To create two copy-on-write clone of the above file system you would use the following
commands:
# lvcreate -s -L1024M -n myclonedisk1 /dev/vg/myvmdisk1
# lvcreate -s -L1024M -n myclonedisk2 /dev/vg/myvmdisk1
23
Each of these can grow to have 1GB of differences from the master volume. You can
grow the amount of space for storing the differences using the lvextend command, e.g.:
# lvextend +100M /dev/vg/myclonedisk1
Don’t let the ‘differences volume’ ever fill up otherwise LVM gets rather confused. It
may be possible to automate the growing process by using dmsetup wait to spot the
volume getting full and then issue an lvextend.
In principle, it is possible to continue writing to the volume that has been cloned (the
changes will not be visible to the clones), but we wouldn’t recommend this: have the
cloned volume as a ‘pristine’ file system install that isn’t mounted directly by any of
the virtual machines.
5.4 Using NFS Root
First, populate a root filesystem in a directory on the server machine. This can be on a
distinct physical machine, or simply run within a virtual machine on the same node.
Now configure the NFS server to export this filesystem over the network by adding a
line to /etc/exports, for instance:
/export/vm1root
1.2.3.4/24 (rw,sync,no_root_squash)
Finally, configure the domain to use NFS root. In addition to the normal variables, you
should make sure to set the following values in the domain’s configuration file:
root
= ’/dev/nfs’
nfs_server = ’2.3.4.5’
# substitute IP address of server
nfs_root
= ’/path/to/root’ # path to root FS on the server
The domain will need network access at boot time, so either statically configure an
IP address (Using the config variables ip, netmask, gateway, hostname) or enable
DHCP ( dhcp=’dhcp’).
Note that the Linux NFS root implementation is known to have stability problems
under high load (this is not a Xen-specific problem), so this configuration may not be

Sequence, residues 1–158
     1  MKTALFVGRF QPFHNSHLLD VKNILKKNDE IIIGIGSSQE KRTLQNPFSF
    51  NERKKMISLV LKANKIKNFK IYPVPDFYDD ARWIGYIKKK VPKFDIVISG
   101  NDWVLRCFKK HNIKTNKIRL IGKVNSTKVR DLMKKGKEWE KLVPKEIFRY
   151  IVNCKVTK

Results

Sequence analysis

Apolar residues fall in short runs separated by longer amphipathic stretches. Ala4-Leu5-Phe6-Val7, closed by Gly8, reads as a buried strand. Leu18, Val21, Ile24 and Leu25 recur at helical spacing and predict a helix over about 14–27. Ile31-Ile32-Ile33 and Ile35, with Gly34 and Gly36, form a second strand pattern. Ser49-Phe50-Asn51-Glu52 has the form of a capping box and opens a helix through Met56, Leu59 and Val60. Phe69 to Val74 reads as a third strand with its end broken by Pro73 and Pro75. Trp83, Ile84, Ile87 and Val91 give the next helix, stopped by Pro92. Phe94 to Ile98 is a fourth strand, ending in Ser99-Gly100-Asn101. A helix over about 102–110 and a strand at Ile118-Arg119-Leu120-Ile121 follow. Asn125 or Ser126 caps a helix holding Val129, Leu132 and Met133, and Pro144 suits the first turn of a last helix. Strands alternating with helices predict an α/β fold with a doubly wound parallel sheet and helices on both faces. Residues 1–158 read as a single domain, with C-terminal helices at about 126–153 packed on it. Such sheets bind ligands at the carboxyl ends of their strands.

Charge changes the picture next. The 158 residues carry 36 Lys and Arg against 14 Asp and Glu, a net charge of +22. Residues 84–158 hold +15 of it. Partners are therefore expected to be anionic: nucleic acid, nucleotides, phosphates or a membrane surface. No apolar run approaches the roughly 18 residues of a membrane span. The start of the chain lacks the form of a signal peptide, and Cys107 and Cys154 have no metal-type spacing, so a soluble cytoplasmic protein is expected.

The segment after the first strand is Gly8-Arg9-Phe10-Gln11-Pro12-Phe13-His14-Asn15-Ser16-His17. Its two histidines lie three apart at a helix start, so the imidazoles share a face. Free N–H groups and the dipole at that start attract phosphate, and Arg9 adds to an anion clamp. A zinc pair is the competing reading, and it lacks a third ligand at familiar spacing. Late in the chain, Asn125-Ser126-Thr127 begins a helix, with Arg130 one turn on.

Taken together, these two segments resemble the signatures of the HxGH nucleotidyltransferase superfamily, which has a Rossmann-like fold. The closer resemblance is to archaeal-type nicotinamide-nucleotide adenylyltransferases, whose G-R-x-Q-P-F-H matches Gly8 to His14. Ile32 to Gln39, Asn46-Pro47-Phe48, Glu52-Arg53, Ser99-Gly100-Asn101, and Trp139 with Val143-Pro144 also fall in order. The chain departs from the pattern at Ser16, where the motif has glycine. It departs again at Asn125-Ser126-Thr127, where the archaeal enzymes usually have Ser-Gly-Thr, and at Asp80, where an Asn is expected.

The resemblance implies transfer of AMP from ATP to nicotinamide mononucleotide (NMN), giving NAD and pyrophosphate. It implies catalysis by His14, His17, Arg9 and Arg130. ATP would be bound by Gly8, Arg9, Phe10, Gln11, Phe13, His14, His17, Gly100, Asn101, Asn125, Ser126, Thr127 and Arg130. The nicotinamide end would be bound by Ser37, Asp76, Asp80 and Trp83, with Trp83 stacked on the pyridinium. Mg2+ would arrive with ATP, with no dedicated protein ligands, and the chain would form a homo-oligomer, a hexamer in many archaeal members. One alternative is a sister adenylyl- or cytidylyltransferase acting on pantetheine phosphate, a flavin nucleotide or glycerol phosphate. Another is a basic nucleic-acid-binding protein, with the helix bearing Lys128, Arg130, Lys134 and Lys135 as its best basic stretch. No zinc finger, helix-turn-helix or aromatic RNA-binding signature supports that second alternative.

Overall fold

appropriate for critical servers.
24
Part II
User Reference Documentation
25
Chapter 6
Control Software
The Xen control software includes the xend node control daemon (which must be
running), the xm command line tools, and the prototype xensv web interface.
6.1 Xend (node control daemon)
The Xen Daemon (Xend) performs system management functions related to virtual
machines. It forms a central point of control for a machine and can be controlled using
an HTTP-based protocol. Xend must be running in order to start and manage virtual
machines.
Xend must be run as root because it needs access to privileged system management
functions. A small set of commands may be issued on the xend command line:
#
#
#
#
xend
xend
xend
xend
start
stop
restart
status
start xend, if not already running
stop xend if already running
restart xend if running, otherwise start it
indicates xend status by its return code
A SysV init script called xend is provided to start xend at boot time. make install
installs this script in /etc/init.d. To enable it, you have to make symbolic links in
the appropriate runlevel directories or use the chkconfig tool, where available.
Once xend is running, more sophisticated administration can be done using the xm
tool (see Section 6.2) and the experimental Xensv web interface (see Section 6.3).
As xend runs, events will be logged to /var/log/xend.log and, if the migration
assistant daemon (xfrd) has been started, /var/log/xfrd.log. These may be of
use for troubleshooting problems.
27
6.2 Xm (command line interface)
The xm tool is the primary tool for managing Xen from the console. The general
format of an xm command line is:
# xm command [switches] [arguments] [variables]
The available switches and arguments are dependent on the command chosen. The
variables may be set using declarations of the form variable=value and command line declarations override any of the values in the configuration file being used,
including the standard variables described above and any custom variables (for instance, the xmdefconfig file uses a vmid variable).
The available commands are as follows:
set-mem Request a domain to adjust its memory footprint.
create Create a new domain.
destroy Kill a domain immediately.
list List running domains.
shutdown Ask a domain to shutdown.
dmesg Fetch the Xen (not Linux!) boot output.
consoles Lists the available consoles.
console Connect to the console for a domain.
help Get help on xm commands.
save Suspend a domain to disk.
restore Restore a domain from disk.
pause Pause a domain’s execution.
unpause Unpause a domain.
pincpu Pin a domain to a CPU.
bvt Set BVT scheduler parameters for a domain.
bvt ctxallow Set the BVT context switching allowance for the system.